UPDATE: At 2pm ET / 9am HT / 10am Alaska time, the NWS Tsunami Warning Center has CANCELLED the Tsunami Warning that was in effect for Alaska after not observing any tsunami.
A Tsunami Warning has been issued by the National Weather Service’s Tsunami Warning Center for coastal areas of Cook Inlet and the southern Kenai Peninsula in Alaska; this includes the cities of Kodiak, Seward, and Homer. A powerful 7.0 earthquake struck at 8:29am AKST / 12:29pm ET 5 miles north of Anchorage, Alaska. Damage has been reported in the Anchorage metro area but there are no reports of confirmed injuries or deaths at this time.
The Tsunami Warning Center believes Kodiak could be hit at 9:25am, Seward at 9:30am, and Homer at 11:45am local time.
If you are in a Tsunami Warning zone, e vacuate inland or to higher ground above and beyond designated tsunami hazard zones or move to an upper floor of a multi-story building depending on your situation. Move out of the water, off the beach, and away from harbors, marinas, breakwaters, bays and inlets. Be alert to and follow instructions from your local emergency officials because they may have more detailed or specific information for your location.
Those in coastal Alaska should take immediate protective actions such as moving inland and/or uphill preferably by foot if they feel strong aftershocks.
If time and conditions permit, boat operators should move boats out to sea to a depth of at least 180 feet. Mariners at sea should avoid entering shallow water, harbors, marinas, bays, and inlets to avoid floating and submerged debris and strong currents.
The government warns: do NOT go to the shore to observe the tsunami. Do NOT return to the coast until local emergency officials indicate it is safe to do so.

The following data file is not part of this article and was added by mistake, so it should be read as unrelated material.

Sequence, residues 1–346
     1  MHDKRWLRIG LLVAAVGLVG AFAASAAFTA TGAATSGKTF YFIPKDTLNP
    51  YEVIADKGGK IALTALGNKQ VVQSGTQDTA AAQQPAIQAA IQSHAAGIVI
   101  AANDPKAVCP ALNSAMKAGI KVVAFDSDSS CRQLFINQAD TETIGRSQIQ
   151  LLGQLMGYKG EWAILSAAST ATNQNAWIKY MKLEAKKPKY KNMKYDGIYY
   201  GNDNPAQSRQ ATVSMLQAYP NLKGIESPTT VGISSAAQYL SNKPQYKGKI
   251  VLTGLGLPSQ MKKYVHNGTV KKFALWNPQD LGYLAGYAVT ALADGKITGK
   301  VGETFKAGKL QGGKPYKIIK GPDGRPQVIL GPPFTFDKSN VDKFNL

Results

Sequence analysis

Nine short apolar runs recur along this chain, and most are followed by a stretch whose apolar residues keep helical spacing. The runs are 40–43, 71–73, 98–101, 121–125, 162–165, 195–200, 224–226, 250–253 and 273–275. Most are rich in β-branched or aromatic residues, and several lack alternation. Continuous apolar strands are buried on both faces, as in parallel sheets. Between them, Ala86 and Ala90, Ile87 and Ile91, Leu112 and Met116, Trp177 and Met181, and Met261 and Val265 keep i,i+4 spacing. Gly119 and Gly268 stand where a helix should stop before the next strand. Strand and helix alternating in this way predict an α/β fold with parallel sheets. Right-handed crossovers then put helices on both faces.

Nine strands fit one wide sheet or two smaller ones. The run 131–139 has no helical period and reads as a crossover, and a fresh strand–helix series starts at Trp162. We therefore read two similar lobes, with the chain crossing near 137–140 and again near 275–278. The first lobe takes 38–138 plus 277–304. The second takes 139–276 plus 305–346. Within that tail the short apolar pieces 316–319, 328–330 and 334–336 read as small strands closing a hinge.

Impacts will vary at different locations in the warning areas. In the warning area, a tsunami with damaging waves and powerful currents is possible. Repeated coastal flooding is possible as waves arrive onshore, move inland, and drain back into the ocean. Strong and unusual waves, currents and inland flooding can drown or injure people and weaken or destroy structures on land and in water. Water filled with floating or submerged debris that can injure or kill people and weaken or destroy buildings and bridges is possible. Strong and unusual currents and waves in harbors, marinas, bays, and inlets may be especially destructive. Some impacts may continue for many hours to days after arrival of the first wave. The first wave may not be the largest so later waves may be larger. Each wave may last 5 to 45 minutes as a wave encroaches and recedes. Coasts facing all directions are threatened because the waves can wrap around islands and headlands and into bays.
Strong shaking or rolling of the ground indicates an earthquake has occurred and a tsunami may be imminent. A rapidly receding or receded shoreline, unusual waves and sounds, and strong currents are signs of a tsunami. The tsunami may appear as water moving rapidly out to sea, a gentle rising tide like flood with no breaking wave, as a series of breaking waves, or a frothy wall of water.
While a threat of tsunami exists in Alaska, the Pacific Tsunami Warning Center does not believe there is a threat of tsunami to Hawaii or the west coast of the continental United States at this time. However, as additional data comes in, scientists will continue to evaluate should future advisories be needed.